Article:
The UK and US economies will expand more slowly in 2017 than previously predicted, according to the International Monetary Fund (IMF).
It said “weaker-than-expected activity” in the first three months of the year meant the UK would grow by 1.7%, compared with an earlier 2% forecast.
And the IMF revised down its US outlook from 2.3% to 2.1%.
However, its overall global economic predictions – of 3.5% growth in 2017 and 3.6% in 2018 – remain unchanged.
Meanwhile the outlook for several eurozone economies is brighter than initially thought, with countries including France, Germany, Italy and Spain seeing growth forecasts revised up.
In its latest World Economic Outlook, the IMF said the “pick-up in global growth” that it had anticipated in its previous survey in April remained “on track”.
But it added that while the global growth projection was unchanged that masked “somewhat different contributions at the country level”.
The UK growth forecast for 2018 remains unchanged at 1.5%, but US growth for next year is now predicted to come in at 2.1%, instead of the 2.5% previously forecast.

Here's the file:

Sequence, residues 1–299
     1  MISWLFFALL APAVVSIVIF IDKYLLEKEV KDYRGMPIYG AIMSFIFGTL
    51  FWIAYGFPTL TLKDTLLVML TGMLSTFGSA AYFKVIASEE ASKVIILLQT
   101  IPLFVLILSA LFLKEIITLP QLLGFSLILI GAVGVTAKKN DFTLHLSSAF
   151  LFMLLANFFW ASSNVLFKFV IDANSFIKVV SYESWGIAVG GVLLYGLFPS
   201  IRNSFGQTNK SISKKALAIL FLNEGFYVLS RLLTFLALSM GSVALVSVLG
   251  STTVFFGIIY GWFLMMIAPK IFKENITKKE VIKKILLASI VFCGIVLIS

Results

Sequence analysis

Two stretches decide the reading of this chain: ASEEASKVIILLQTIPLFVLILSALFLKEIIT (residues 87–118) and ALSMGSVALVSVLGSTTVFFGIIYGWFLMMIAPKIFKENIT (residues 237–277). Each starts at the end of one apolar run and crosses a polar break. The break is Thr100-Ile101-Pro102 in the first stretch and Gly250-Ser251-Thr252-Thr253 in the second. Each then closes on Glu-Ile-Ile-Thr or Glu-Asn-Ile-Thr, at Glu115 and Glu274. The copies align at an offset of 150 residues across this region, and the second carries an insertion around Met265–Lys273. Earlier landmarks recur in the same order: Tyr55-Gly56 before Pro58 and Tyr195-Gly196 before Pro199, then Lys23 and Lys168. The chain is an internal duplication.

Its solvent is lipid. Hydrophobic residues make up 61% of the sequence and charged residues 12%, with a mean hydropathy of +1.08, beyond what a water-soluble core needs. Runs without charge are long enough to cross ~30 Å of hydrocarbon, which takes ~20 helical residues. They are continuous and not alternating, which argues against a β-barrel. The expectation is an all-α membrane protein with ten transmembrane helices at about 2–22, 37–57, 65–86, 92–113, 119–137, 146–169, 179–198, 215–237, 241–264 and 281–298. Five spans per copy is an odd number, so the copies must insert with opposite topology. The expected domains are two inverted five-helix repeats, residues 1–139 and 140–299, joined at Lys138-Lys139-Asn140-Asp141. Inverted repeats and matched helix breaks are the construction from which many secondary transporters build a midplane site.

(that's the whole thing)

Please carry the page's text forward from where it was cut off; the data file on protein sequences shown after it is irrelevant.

“While the markdown in the [US] 2017 forecast reflects in part the weak growth outturn in the first quarter of the year, the major factor behind the growth revision, especially for 2018, is the assumption that fiscal policy will be less expansionary than previously assumed, given the uncertainty about the timing and nature of US fiscal policy changes,” the IMF said.
“Market expectations of fiscal stimulus have also receded.”
A UK Treasury spokesperson said the IMF forecast underlined why the government’s plans to increase productivity and get “the very best deal with the EU” after Brexit were “vitally important”.
“Employment is at a record high and the deficit is down by three quarters, showing that the fundamentals of our economy are strong,” they added.
Economists warn that IMF forecasts are not always right.
“The IMF, a multi-lateral institution, takes a step back and looks at a broad range of activities across the world, but they do sometimes get things wrong and we wouldn’t want to put too much emphasis on what’s been released today,” said Lucy O’Carroll, chief economist of Aberdeen Asset Management.